By now everyone is well aware of the successes of IPS e.max, which has proven to deliver strong, esthetic restorations in all areas of the mouth. In fact, long-time prosthodontist Dr. Kenneth Malament, a world-renowned researcher and educator on all ceramics, says his choice is Ivoclar Vivadent’s ceramic for all of his single unit restorations. But where this material really has a unique spot is in the posterior areas.
Today, a number of clinicians are using zirconia in the posterior, but Dr. Malament, DDS, M.Sc.D., believes IPS e.max is still the best option for posterior single units, the bread and butter cases for many dentists. While many patients and clinicians are moving away from PFMs, they should be aware that while zirconia is an option that provides significant strength, lithium disilicate delivers the best survival data, economics and better esthetics, according to Dr. Malament.
“e.max is the best we have ever worked with,” said Dr. Malament, who has had a prosthodontics practice in Boston since 1977.
The material and science advances that helped bring about a product like IPS e.max may very well lead to a changing of the guard for those clinicians who had grown accustomed to the traditional porcelain fused to metal (PMF) restorations.
According to Ivoclar Vivadent’s IPS e.max Scientific Report Vol. 02 (2001-2013), which is available online at: ivoclarvivadent.us/emax/science, more than 75 million IPS e.max restorations have been delivered, and the crown survival rate is 98.2%. Dr. Malament’s results have been even more impressive.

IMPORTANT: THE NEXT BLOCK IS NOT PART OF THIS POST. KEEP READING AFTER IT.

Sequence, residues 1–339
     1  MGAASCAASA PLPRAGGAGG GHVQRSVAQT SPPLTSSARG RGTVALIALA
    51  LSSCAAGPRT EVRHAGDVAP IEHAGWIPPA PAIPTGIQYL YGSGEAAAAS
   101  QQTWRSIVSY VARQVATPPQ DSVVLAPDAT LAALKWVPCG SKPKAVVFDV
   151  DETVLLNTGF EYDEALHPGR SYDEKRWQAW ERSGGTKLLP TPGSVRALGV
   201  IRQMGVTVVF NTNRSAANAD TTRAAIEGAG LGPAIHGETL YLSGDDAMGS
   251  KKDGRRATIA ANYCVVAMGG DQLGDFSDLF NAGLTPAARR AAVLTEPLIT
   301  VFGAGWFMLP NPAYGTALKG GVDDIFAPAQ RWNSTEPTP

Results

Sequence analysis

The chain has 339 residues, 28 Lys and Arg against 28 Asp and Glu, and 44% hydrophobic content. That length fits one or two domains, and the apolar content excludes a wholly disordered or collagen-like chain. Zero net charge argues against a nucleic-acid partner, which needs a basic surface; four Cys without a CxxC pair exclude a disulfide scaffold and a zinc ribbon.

Originally, Dr. Malament and his colleagues extensively used and studied Ivoclar Vivadent’s Empress with tremendous results. Since switching to IPS e.max, his success numbers have been staggering.
“I have researched all ceramic materials 32 years and have a database where every all ceramic restoration I have ever done is studied with 29 different confounding variables,” said Dr. Malament, who practices with Dr. Dan Nathanson, Professor, Chairman Restorative Sciences, Boston University School of Graduate Dentistry, and Dr. Hans Peter Weber, Professor, Chairman Restorative Sciences, Tufts University School of Dental Medicine. “Of all the of the materials we have ever studied, Empress, all the time, was the best from the point of years of survival. I have cemented up to today, 2,133 Empress restorations over 265 months with 103 failures. A failure is a fractured crown that requires replacement. A chipped restoration is also studied in the database and of the 31 chipped Empress restorations all were easily smoothed and did not need to be replaced.”
Now that he uses IPS e.max, the success rate is significantly higher than those impressive Empress figures.
“As of today, and at 85-86 months (7 years) 546 patients, 1,896 units and I have but one failure,” he said. “We’ve never seen this performance in a ceramic material before ever.”
These are the types of numbers that keep scientists up at night. Dr. Malament and his research colleagues are more than impressed by the data they have accumulated and the science on IPS e.max.
“The one failure has been studied extensively. We were totally obsessed with how this happened and needed to understand the fracture mechanics of the event,” he said. “The lone ‘failure’ was a patient who was a severe bruxer who after four years fractured the lithium disilicate.”